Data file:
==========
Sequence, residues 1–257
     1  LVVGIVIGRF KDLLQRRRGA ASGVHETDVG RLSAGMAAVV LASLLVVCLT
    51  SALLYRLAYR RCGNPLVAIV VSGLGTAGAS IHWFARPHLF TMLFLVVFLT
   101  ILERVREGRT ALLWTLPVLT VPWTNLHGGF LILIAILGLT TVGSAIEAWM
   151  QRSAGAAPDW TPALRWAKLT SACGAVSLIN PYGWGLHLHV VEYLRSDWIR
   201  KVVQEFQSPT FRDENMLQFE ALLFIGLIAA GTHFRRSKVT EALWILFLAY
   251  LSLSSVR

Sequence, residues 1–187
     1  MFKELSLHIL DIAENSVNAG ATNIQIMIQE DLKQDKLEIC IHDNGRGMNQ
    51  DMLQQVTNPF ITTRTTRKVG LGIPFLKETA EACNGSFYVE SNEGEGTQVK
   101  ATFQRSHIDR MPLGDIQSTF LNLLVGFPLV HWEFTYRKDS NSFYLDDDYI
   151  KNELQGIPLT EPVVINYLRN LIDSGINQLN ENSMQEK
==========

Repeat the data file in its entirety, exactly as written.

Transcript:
Sequence, residues 1–257
     1  LVVGIVIGRF KDLLQRRRGA ASGVHETDVG RLSAGMAAVV LASLLVVCLT
    51  SALLYRLAYR RCGNPLVAIV VSGLGTAGAS IHWFARPHLF TMLFLVVFLT
   101  ILERVREGRT ALLWTLPVLT VPWTNLHGGF LILIAILGLT TVGSAIEAWM
   151  QRSAGAAPDW TPALRWAKLT SACGAVSLIN PYGWGLHLHV VEYLRSDWIR
   201  KVVQEFQSPT FRDENMLQFE ALLFIGLIAA GTHFRRSKVT EALWILFLAY
   251  LSLSSVR

Sequence, residues 1–187
     1  MFKELSLHIL DIAENSVNAG ATNIQIMIQE DLKQDKLEIC IHDNGRGMNQ
    51  DMLQQVTNPF ITTRTTRKVG LGIPFLKETA EACNGSFYVE SNEGEGTQVK
   101  ATFQRSHIDR MPLGDIQSTF LNLLVGFPLV HWEFTYRKDS NSFYLDDDYI
   151  KNELQGIPLT EPVVINYLRN LIDSGINQLN ENSMQEK